D.C. fog, crazy regional temperature spreads: what's the deal?
We’ve had an unusual stretch of weather this weekend with warmer temperatures in the Blue Ridge and Allegheny Mountains and cooler weather in the valleys. So, what’s going on with these wild winter temperature swings and why all this fog?
The temperature and moisture profile in our atmosphere is where we need to start. Below is what the atmosphere above us (Dulles International) looks like. There are a few key features that explain the bazaar temperatures and the fog. Notice the area circled on the sounding below. Notice how the lines bend to the right as you go up from the bottom of the sounding. This indicates warming temperatures aloft (or higher in elevation).
This is further justified by the raw data (this image below). The left column is the height in meters above the surface followed by the temperature in Celsius (next column over). The surface temperature at Dulles International at 7 a.m. this morning (when this data was observed) was 44 degrees but at 628 meters (2,067 feet) above Dulles, the temperature warmed to 14.20 Celsius or 58 degrees Fahrenheit.
Therefore, this explains the temperature map from 7 a.m. Sunday. Temperatures were in the middle 40s in the D.C. area but in the middle 50s in Elkins, W.Va. (circled) at an elevation of 1,979 feet.
This also explains the warmer temperatures seen at Shenandoah National Park (closer to the nation’s capital but at a much higher elevation as well).
Why the fog? In the sectioned off sounding below, notice how the lines are together near the surface. A warm front is slowly pushing north, bringing a steady increase in moisture and temperatures on the heels of southwest winds aloft. However, since dew points (temperature at which dew or water droplets form) are “catching up” with temperatures because of the typical nocturnal cooling trend, the air has become saturated with water. Where the lines on the sounding meet there is saturation or near 100% humidity; where they are separated, drier air exists.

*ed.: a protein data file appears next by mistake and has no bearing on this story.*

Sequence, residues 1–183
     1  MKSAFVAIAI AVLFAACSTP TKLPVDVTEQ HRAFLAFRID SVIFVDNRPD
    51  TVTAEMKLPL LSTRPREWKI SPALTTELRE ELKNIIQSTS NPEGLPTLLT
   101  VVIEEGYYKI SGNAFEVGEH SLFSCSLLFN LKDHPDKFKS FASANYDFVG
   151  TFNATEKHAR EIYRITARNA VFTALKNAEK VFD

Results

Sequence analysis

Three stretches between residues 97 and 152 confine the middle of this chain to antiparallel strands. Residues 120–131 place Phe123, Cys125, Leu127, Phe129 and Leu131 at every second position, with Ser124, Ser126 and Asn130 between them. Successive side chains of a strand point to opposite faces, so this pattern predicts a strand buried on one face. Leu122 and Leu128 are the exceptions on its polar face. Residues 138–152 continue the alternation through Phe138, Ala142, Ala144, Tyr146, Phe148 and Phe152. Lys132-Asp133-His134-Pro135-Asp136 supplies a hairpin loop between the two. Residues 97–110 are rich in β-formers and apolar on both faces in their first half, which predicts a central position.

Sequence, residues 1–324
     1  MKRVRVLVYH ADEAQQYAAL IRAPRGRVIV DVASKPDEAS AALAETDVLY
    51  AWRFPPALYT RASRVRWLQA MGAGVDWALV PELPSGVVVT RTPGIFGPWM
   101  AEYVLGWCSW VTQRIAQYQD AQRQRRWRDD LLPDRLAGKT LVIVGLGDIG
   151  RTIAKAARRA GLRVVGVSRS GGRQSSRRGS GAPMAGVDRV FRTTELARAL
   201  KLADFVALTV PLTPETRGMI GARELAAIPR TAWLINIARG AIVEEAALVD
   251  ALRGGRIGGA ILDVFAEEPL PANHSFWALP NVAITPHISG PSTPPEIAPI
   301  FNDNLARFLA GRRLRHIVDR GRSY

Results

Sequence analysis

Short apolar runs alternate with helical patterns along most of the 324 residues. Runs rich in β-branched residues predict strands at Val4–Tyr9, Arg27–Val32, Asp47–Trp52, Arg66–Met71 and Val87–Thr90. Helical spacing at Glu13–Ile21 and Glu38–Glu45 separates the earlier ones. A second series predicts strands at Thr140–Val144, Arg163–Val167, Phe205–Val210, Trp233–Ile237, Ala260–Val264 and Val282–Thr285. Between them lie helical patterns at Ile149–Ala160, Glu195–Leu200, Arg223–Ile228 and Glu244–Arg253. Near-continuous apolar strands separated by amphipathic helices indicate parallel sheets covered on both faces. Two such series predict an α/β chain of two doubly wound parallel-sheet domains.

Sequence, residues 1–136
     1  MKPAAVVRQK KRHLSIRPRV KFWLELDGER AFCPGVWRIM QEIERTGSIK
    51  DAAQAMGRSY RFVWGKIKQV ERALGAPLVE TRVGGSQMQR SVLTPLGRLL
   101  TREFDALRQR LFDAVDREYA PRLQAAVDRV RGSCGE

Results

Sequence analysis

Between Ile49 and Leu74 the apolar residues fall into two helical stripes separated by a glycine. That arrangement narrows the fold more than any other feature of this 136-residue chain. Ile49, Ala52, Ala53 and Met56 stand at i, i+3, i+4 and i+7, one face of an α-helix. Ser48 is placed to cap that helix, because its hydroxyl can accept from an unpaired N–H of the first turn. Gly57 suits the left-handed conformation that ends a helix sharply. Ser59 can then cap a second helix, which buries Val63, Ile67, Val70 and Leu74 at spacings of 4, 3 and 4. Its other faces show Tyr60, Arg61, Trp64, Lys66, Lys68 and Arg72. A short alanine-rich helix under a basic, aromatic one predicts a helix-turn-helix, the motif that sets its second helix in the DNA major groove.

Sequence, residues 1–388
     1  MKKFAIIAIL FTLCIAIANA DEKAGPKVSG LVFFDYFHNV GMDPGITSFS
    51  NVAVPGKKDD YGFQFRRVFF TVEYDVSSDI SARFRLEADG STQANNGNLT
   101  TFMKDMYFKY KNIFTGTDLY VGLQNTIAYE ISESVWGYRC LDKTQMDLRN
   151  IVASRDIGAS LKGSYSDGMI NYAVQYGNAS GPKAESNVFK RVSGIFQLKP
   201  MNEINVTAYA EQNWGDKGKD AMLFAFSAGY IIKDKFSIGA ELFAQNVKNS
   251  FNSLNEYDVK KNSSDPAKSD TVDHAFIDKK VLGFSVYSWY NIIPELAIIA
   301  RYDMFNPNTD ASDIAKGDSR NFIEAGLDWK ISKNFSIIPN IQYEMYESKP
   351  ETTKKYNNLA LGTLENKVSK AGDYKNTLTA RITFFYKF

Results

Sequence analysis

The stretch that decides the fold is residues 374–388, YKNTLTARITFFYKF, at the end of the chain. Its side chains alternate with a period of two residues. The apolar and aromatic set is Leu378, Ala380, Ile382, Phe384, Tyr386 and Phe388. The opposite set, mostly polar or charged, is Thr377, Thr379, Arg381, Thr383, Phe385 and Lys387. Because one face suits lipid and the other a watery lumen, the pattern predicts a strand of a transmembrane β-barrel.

Fog needs to be mixed out; there has to be a mechanism to move the air around so it can dry. Since warmer air rises and cooler air sinks and the warmer layer is above the cooler layer, winds are calm and can’t mix through the lower atmosphere. It requires a higher angle sun to “burn off” the low-level moisture. Since the sun angle is lower in January than August, the fog will linger longer than you would see during a foggy late-August or September morning. Eventually enough moisture will evaporate to allow “breaks” to develop in the fog and overcast skies so that temperatures will warm into the 50s today inside the Capital Beltway.
As the radar and satellite image above shows, a cold front is knocking on our door. The front will help “mix” the atmosphere after a foggy early morning Monday and drive in cooler temperatures on the heels of northwest winds. Of course, the north to south band of rain seen across the Midwest and Tennessee Valley will also come at the expense of the front, so windshield wipers will be working Monday.
Be sure to stay with ABC7 and WTOP for the latest forecast.